Many companies talk about how they enhance shareholder value by returning cash through dividends or stock buybacks. But investors shouldn't just take the company's word for it. In this series, we'll investigate how companies have spent free cash flow over the past five years. By doing so, we hope to gain insight into whether the company's management might be good stewards of shareholder capital.

Today, we'll take a look at technology-services giant IBM (NYSE: IBM).

How does it spend free cash?
First, let's have a look at how much free cash flow the company has generated in each of the past five years and how much has gone toward dividends and buybacks.

 

2010

2009

2008

2007

2006

Buybacks

$15,375

$7,429

$10,578

$18,828

$8,084

Dividends

$3,177

$2,860

$2,585

$2,147

$1,683

Total Paid

$18,552

$10,289

$13,163

$20,975

$9,767

FCFE

$15,915

$16,786

$13,671

$8,848

$11,337

Source: Capital IQ as of July 21, 2011. Figures in millions.
Free cash flow = net income depreciation-capital expenditures-change in noncash working capital.

IBM has a long track record of dividend payments. It's been paying quarterly dividends each year since 1916 and has raised its payout for 16 consecutive years.

Cumulatively over this period, however, IBM bought back more than $60 billion of its shares -- nearly five times as much as it paid in dividends. Despite the long dividend track record, it seems IBM loves its own shares more than it does paying out dividends.

Is the dividend covered?
Next, let's see how much of the company's free cash flow has gone to dividends.

Metric

2010

2009

2008

2007

2006

FCF Payout Ratio 20% 17% 19% 24% 15%

Source: Capital IQ, a division of Standard & Poor's.

It's clear that IBM can afford to spend a little more on dividends, but the current payout (1.6% dividend yield) is covered five times over by free cash flow. Even though the yield is slightly below the S&P 500 average of 1.8%, you can feel good knowing that IBM's dividend doesn't appear to be in danger.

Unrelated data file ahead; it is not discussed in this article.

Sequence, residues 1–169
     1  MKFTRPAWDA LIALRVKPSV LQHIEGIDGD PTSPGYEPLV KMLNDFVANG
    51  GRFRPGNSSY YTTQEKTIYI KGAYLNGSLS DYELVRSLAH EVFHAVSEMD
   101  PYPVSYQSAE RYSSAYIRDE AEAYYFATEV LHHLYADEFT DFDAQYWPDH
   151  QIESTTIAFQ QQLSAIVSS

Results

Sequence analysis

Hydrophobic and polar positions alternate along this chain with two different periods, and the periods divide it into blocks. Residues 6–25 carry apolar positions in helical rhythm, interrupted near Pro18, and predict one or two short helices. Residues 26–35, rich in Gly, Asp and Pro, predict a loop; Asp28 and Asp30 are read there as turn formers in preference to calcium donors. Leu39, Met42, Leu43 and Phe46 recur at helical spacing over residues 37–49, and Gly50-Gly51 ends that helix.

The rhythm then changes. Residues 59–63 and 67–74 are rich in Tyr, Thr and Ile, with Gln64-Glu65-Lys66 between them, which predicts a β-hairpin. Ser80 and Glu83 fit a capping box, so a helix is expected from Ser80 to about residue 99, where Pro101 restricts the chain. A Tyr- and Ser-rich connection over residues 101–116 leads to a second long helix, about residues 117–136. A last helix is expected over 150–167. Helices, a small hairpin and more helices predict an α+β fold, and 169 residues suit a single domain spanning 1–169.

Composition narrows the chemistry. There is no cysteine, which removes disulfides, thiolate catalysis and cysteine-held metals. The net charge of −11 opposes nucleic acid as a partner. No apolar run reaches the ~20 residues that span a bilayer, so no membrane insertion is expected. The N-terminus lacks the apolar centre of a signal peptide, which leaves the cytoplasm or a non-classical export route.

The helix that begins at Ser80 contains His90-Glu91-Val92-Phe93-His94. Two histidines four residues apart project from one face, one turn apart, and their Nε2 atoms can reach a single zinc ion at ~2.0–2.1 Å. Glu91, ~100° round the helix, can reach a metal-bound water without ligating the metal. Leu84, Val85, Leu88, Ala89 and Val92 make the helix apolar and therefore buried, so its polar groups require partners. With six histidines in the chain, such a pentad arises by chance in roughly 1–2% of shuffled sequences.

Is it a good investor?
Companies are notoriously bad investors in their own stock. Consider that in 2007, when the market was hitting record highs, S&P 500 companies bought back a record $589 billion, versus $246 billion in cash dividends. In 2009, when the market was around its nadir, buybacks hit record lows.

Is IBM an exception?

Ibm

Source: Capital IQ, a division of Standard & Poor's.

Not bad. In hindsight, it looks as though IBM's large buyback in 2007 was a good use of shareholder cash. Thereafter, buybacks seem to have followed the share price, but I'll give IBM credit for buying back stock in late 2008 and early 2009, when many companies were holding on to their cash tighter than Mr. Burns.  

Competitors
How does IBM's use of free cash flow stack up against some of its major competitors over the past four quarters?

Company

Free Cash Flow

Share Buybacks

Dividends

IBM $15,436 $15,275 $3,177
Accenture (NYSE: ACN) $2,416 $2,179 $464
Hewlett-Packard (NYSE: HPQ) $8,618 $11,507 $715
Microsoft (Nasdaq: MSFT) $20,521 $14,138 $4,960

Source: Capital IQ, a division of Standard & Poor's. All figures in millions as based on trailing-12-month data.

Foolish bottom line
IBM has been a consistent generator of free cash flow. Management seems to prefer buybacks to dividends, but to its credit, IBM has increased its dividend per share by 8% annualized over the past five years. I would prefer dividends and buybacks to get more equal funding over time, but it appears that, by and large, the company has prudently used free cash flow.